COORDINATION - Again, this is very difficult to measure in a lab, but we know the muscles in the face can coordinate in a million different ways. Subtle differences in the recipe of how much each muscle is contributing can create significant differences in tone quality. Having the 'right' sound can be the difference in the professional industry, and this is determined by a number of factors, including the shape of the oral cavity- which is significantly effected by the way the face muscles coordinate.

ENDURANCE - The tricky thing about endurance of really small and highly coordinated muscles is the level of specificity required to evoke the right engagement and development. If you play something that isn't physically demanding enough, you won't stimulate the right development. If you play something that is too taxing, you won't stimulate the right development. Larger, stronger muscles will take over which will change your efficiency, tone quality, etc. The Goldilocks Zone is razor thin and frankly most methods overlook this crucial aspect. Most musicians have little/no experience with low-threshold or high-threshold motor units, anatomical intricacies within the face, lactic acid threshold for small muscle groups (even exercise physiologists usually only study this using larger muscle groups).​

I get really specific and meticulous. Here is an example of my own progress:


Each color represents a different 'workout'. Each note, each duration, etc. is charted in a way where trends can be spotted with strength, coordination, and endurance. Most importantly, we can pinpoint the Goldilocks Zone and optimize your productivity. We dial this in for each note and several different tests of endurance. I take care of the math and charts. I take something enormously complex and make it simple for you so you can do your exercise, and then get back to making music!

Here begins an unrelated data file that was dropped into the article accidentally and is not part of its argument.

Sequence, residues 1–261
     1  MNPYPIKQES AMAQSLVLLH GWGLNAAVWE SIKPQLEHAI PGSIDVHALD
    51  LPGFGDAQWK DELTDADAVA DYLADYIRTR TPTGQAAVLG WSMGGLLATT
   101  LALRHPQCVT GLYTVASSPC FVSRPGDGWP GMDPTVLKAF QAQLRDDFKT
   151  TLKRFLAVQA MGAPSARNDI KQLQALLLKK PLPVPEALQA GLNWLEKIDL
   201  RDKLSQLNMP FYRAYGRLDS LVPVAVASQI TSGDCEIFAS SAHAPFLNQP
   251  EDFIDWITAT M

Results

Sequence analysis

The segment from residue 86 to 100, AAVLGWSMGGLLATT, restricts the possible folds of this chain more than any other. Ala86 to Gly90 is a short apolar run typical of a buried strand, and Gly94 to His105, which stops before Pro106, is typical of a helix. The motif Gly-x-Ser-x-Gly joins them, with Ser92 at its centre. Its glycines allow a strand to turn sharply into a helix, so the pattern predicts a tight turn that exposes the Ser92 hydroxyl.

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Who is this method good for? Anyone who plays a woodwind or brass instrument that wants to be a better player on their instrument. It's a significant investment of time and money, so if that sounds like it fits your personal goals for playing, then I assure you it will improve your playing significantly. There will be others that are not ready for that kind of commitment. That's OK too. It is up to the individual.

I'm worried about changing my embouchure. Will this method mess with the way I play? I would consider it similar to the way physical therapy sessions or chiropractic sessions can lead to slight changes in your posture, but that's not the focus. If you do your rehab exercises, you might have slight changes to your posture as you strengthen some of your muscles etc. Usually this is only positive as your body is better aligned- essentially working more efficiently. Embouchure is not our focus in this method so we essentially avoid any periods of 'sounding awful' while you 'change your embouchure'. We don't change your embouchure. "It" may evolve over time.